DISCIPLINED IN CULTIVATING FRIENDS IN HIGH PLACES
The LTTE, then and now, knew the importance of establishing, maintaining, strengthening and expanding and extensive international network, not just for fundraising and arms procurement but also for efficient propaganda work. The LTTE systematically cultivated friends among politicians and administrators as well as officials in important multilateral and regional bodies. They in turn for a variety of reasons went along with the LTTE’s well-crafted tall tales which included turning myth into fact and the easy switch of lie as truth for their own purposes.
To this end, the LTTE had in place a considerable network of international operators, some engaging in criminal activities and others in apparently white-collar propaganda. Until the LTTE’s military arm was vanquished, they operated as humanitarian fronts or political groups that whitewashed the LTTE’s crimes against humanity and vilified the Sri Lankan security forces. They all raised funds through criminal activity including extortion, gun-running, human- smuggling and drug-trafficking as well as through legal means such as real estate operations, shipping businesses etc.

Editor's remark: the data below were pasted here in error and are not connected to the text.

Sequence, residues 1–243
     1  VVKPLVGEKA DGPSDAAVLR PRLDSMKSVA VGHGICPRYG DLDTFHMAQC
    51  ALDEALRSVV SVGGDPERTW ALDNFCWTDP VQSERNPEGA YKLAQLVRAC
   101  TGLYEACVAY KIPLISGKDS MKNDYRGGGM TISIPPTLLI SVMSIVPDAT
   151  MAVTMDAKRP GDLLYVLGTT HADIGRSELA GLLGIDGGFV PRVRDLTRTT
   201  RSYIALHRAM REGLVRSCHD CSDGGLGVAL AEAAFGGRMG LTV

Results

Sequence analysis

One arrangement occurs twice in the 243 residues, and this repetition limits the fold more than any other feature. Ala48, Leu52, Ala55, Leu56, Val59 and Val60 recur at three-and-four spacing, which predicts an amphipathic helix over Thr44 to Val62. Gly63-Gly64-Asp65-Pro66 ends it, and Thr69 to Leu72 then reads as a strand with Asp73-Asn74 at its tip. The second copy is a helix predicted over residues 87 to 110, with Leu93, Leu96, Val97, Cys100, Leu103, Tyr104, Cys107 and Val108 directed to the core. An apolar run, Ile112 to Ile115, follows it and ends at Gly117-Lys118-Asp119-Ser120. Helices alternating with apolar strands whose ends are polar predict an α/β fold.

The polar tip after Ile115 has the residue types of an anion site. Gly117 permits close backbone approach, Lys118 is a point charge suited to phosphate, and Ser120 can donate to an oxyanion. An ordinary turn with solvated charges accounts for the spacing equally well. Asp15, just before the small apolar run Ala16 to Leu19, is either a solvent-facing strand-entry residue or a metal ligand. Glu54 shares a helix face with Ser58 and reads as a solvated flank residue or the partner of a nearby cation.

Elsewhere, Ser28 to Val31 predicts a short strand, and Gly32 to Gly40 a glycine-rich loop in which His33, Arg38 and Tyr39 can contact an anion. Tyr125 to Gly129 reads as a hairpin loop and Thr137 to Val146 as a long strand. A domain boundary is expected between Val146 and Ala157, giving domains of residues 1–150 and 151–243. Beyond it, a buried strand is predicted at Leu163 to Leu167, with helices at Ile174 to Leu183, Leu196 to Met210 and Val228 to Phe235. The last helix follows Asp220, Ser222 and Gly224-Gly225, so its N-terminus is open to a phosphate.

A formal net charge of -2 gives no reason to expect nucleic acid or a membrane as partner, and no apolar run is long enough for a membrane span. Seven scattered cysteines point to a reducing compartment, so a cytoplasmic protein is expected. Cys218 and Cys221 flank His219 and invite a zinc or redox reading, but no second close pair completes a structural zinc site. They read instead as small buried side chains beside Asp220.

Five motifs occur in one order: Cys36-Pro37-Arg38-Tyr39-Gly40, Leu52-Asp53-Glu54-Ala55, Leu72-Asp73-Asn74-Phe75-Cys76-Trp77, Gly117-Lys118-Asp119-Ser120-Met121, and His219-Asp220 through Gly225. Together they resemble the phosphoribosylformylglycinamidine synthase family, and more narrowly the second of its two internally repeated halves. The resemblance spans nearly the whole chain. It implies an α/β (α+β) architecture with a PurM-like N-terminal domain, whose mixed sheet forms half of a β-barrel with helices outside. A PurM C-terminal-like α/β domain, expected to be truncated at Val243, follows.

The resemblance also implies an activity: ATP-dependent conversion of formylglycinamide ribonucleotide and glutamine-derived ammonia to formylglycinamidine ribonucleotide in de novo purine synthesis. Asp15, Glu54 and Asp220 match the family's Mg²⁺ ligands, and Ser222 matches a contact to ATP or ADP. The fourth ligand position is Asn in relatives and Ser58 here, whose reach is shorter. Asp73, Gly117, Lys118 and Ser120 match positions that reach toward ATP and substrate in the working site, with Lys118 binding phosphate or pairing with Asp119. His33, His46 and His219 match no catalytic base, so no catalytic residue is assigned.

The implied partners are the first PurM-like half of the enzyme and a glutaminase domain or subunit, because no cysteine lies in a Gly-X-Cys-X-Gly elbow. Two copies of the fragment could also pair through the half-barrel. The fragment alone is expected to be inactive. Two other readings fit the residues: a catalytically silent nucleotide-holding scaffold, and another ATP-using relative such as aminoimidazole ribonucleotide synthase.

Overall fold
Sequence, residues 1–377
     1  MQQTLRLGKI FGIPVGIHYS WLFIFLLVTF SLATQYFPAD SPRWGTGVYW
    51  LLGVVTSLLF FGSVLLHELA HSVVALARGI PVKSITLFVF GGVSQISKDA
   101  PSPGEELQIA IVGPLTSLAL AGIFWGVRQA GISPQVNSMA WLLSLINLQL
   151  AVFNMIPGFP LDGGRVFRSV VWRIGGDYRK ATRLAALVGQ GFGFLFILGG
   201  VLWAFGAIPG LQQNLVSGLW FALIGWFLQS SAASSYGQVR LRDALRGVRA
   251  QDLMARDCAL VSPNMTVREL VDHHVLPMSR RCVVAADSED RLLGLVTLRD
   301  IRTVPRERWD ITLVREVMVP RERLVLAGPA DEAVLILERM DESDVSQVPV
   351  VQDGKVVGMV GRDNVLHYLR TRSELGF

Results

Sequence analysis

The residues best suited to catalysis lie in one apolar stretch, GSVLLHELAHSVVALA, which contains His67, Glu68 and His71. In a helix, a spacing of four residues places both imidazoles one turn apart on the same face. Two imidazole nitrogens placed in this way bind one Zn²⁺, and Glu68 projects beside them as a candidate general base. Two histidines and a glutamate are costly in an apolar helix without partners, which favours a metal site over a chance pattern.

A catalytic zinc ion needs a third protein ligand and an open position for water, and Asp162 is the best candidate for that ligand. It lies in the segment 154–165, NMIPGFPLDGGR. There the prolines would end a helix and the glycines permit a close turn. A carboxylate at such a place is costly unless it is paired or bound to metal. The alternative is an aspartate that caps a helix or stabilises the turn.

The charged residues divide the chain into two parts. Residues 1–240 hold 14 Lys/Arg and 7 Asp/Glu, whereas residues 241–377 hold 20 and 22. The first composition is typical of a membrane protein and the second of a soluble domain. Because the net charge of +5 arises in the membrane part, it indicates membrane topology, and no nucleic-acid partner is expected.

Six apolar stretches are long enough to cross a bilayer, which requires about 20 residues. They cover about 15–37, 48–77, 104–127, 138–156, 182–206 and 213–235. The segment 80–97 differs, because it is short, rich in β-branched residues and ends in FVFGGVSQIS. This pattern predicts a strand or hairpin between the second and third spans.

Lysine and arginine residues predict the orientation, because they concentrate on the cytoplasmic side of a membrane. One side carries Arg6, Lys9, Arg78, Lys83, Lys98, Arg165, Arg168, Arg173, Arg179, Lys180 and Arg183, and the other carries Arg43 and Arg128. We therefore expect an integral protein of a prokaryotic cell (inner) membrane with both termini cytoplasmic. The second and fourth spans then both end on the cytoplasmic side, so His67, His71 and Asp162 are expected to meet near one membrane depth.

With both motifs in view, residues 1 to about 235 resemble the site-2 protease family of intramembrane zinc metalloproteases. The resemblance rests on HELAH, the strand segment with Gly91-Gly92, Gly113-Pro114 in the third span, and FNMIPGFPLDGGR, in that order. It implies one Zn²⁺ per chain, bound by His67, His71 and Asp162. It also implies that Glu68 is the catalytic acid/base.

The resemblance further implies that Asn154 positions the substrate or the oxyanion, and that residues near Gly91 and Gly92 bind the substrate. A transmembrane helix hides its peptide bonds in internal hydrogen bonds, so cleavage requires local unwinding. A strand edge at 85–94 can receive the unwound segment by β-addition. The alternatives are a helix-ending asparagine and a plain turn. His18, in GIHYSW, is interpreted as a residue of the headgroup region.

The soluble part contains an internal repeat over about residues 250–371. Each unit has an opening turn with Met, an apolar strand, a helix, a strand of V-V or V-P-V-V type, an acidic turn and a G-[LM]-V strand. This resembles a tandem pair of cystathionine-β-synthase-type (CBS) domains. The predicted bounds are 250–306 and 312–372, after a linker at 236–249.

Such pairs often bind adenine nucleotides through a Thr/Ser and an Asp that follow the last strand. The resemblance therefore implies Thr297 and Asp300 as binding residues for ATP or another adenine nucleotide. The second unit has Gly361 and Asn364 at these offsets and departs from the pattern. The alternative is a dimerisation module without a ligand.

At present the LTTE / Pro LTTE international network could be broadly categorized into five groups with grand-sounding names: Provisional Transnational Government of Tamil Eelam (PTGTE), Tamil Eelam Peoples’ Alliance/Tamil National Alliance (TEPA/TNC), Global Tamil Forum (GTF), British Tamil Forum (BTF) and the Ex- combatant/intelligence group. Though roles, tasks and policies of these groups invariably overlap, all of these groups are working for a common agenda of establishing a separate state for Tamils in Sri Lanka. They are all led by known LTTE operatives such as V. Rudrakumaran, S.J. Emmanuel (the terrorist in a cassock), Suren Surendiran and P Sivaparan alias Nediyawan.
They’ve succeeded in securing the tacit or open support of high profile international actors such as David Miliband, Bernard Kouchner, Eric Solheim, Navi Pillai, Louise Arbour and others.
DISCIPLINED IN THE WORLD OF LAW AND ORDER
There is no point being prepared to be clinical and disciplined in the matter of terrorism if you don’t have the required hardware. Guns, grenades, bullets, explosives and other military equipment including communications devices have to be purchased. Money is needed. The LTTE was very disciplined in money-making. Over the years, the LTTE, in a very disciplined manner, established a transnational criminal network that complemented its ‘very disciplined’ international propaganda machinery used to whitewash disciplined crimes against humanity, paint terrorist as rebel or liberator and vilify governments mandated to protect territorial integrity, sovereignty, property and the lives ofits citizenry.